Enactment of these bills makes it significantly easier to initiate an action to adjudicate all claims of a right to extract groundwater from a basin. The new legislation also requires relatively quick disclosure of evidence supporting a party's right to extract groundwater, potentially streamlining what had previously been a lengthy and expensive process. Thus, landowners may soon find themselves involved in a global adjudication of groundwater rights, and will need to quickly gather and provide to other parties documentation and evidence required to support their claimed rights. Landowners located in affected basins would be well served to begin gathering information and engaging the consultants and counsel needed to establish their claims.
The new bills will also allow a court to impose on objecting parties a proposed stipulated judgment supported by only some of the parties to the adjudication. Because these new procedures may make comprehensive groundwater adjudication a more viable, attractive option for efficiently determining parties' water rights and priorities, the number of actions filed may significantly increase. Thus, if an adjudication is initiated, landowners should stay engaged with other stakeholders in the basin and consult with legal counsel as necessary to protect their rights.
Outside of the adjudication process, AB 617 elevates the status of private parties under SGMA to potential participants, presenting an opportunity to proactively engage with public agencies in the basin management planning process. If a groundwater sustainability agency has been formed in a basin, any interested private party should approach the agency regarding their willingness to enter into an agreement concerning development of the basin’s groundwater sustainability plan.
AB 1390 establishes a framework for comprehensive adjudication of groundwater rights in a basin, including streamlined procedures for notice, case management, and proof of claims. In adjudications under this new framework, California superior courts are empowered to make determinations regarding all groundwater rights and priorities of a basin – whether based on appropriation, overlying right, prescription, or other basis of right – and use of storage space in the basin. AB 1390 also allows courts to issue preliminary injunctions in basins for which a condition of long-term overdraft is demonstrated, placing a moratorium on new or increased extractions.
Plaintiffs may initiate a comprehensive groundwater adjudication by following certain expedited procedures, including serving by mail a detailed notice with a complaint on all landowners overlying a groundwater basin, warning that the lawsuit may impact the landowners' rights to pump or store groundwater. Notice must also be published in one or more newspapers of general circulation in each county overlying the basin. Compliance with the notice and service requirements set forth in AB 1390 is deemed service of process on all interested parties for purposes of establishing jurisdiction.
Parties to the adjudication will be required to fairly quickly disclose extensive information supporting their claimed right to extract groundwater, including the quantity of groundwater extracted from the basin and method of measurement used, the type of water rights claimed, the place of use, any claims for increased or future use of groundwater, and the names and contact information of any person with information that supports the party’s disclosures, including expert witnesses.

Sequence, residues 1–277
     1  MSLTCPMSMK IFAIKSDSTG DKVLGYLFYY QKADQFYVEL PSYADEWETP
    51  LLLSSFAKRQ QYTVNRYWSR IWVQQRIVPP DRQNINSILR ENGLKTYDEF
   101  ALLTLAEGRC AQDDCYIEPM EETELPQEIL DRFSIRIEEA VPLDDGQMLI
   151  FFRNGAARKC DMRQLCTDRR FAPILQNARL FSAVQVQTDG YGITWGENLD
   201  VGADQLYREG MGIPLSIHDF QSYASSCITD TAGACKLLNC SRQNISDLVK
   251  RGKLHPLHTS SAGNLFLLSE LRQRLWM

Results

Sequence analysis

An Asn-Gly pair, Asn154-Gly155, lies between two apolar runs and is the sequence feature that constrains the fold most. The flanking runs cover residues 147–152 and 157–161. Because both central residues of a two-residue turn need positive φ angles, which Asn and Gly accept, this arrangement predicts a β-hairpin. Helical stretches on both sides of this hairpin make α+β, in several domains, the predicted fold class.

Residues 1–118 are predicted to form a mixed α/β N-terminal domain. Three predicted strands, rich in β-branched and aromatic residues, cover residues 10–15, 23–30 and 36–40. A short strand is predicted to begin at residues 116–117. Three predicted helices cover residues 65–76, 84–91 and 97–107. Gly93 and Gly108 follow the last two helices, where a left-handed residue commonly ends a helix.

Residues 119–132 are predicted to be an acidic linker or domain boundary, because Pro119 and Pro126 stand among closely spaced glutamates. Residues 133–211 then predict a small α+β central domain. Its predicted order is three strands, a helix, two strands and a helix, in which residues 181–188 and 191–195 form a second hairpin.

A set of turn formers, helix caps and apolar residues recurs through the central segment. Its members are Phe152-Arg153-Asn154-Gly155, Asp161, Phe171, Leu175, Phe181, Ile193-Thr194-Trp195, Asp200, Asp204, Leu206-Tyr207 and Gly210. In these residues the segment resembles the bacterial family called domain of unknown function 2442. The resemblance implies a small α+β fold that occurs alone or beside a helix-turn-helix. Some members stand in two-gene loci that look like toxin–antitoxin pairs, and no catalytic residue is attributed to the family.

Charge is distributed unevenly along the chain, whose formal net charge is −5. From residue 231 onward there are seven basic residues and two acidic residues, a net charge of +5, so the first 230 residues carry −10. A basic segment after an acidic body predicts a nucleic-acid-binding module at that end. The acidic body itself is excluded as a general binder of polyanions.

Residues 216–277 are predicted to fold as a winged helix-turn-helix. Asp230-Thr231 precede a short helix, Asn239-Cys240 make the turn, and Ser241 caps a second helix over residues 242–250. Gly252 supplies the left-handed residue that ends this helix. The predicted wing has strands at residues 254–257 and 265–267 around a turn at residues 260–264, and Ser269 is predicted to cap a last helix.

AB 1390 also allows a court to approve and enter a proposed stipulated judgment that is submitted by: (1) more than 50 percent of all parties who extract groundwater from or store water in the basin; and (2) groundwater extractors responsible for at least 75 percent of the groundwater extracted in the basin during the five calendar years preceding filing of the complaint. Non-stipulating parties may object to the judgment, but must demonstrate that the judgment does not meet specified criteria or substantially violates the objecting party's water rights. If the objecting party cannot make the required showing, the court may impose the proposed stipulated judgment on the objecting party.
SB 226, a companion bill to AB 1390, mandates that groundwater adjudications be managed to minimize interference with completion and implementation of the groundwater sustainability plans in basins where these plans are required (i.e., medium- and high-priority basins). Adjudications in such basins must also proceed in a manner that permits attainment of sustainable groundwater management within the timeframes established by SGMA.
Under SGMA, for any groundwater basin designated as medium- or high-priority, a groundwater sustainability agency is required to be formed by June 30, 2017. After formation, the agency is responsible for groundwater management within the basin and is required to prepare and adopt a groundwater sustainability plan. Assembly Bill 617 gives private parties an opportunity to participate in implementation of SGMA, and authorizes groundwater sustainability agencies to enter into written agreements and funding arrangements with private parties to assist in, or facilitate the implementation of, groundwater sustainability plans. Thus, AB 617 authorizes a public-private partnership between the groundwater sustainability agency and other interested private parties in the basin for the purpose of developing and implementing the plans to manage the basin’s groundwater.
Courtney A. Davis
Environmental & Natural Resources
Land Use & Development
Industrial & Logistics
Energy & Utilities
Real Estate Transactions
(415) 837-1516 (fax)
Environmental & Natural Resources,
Land Use & Development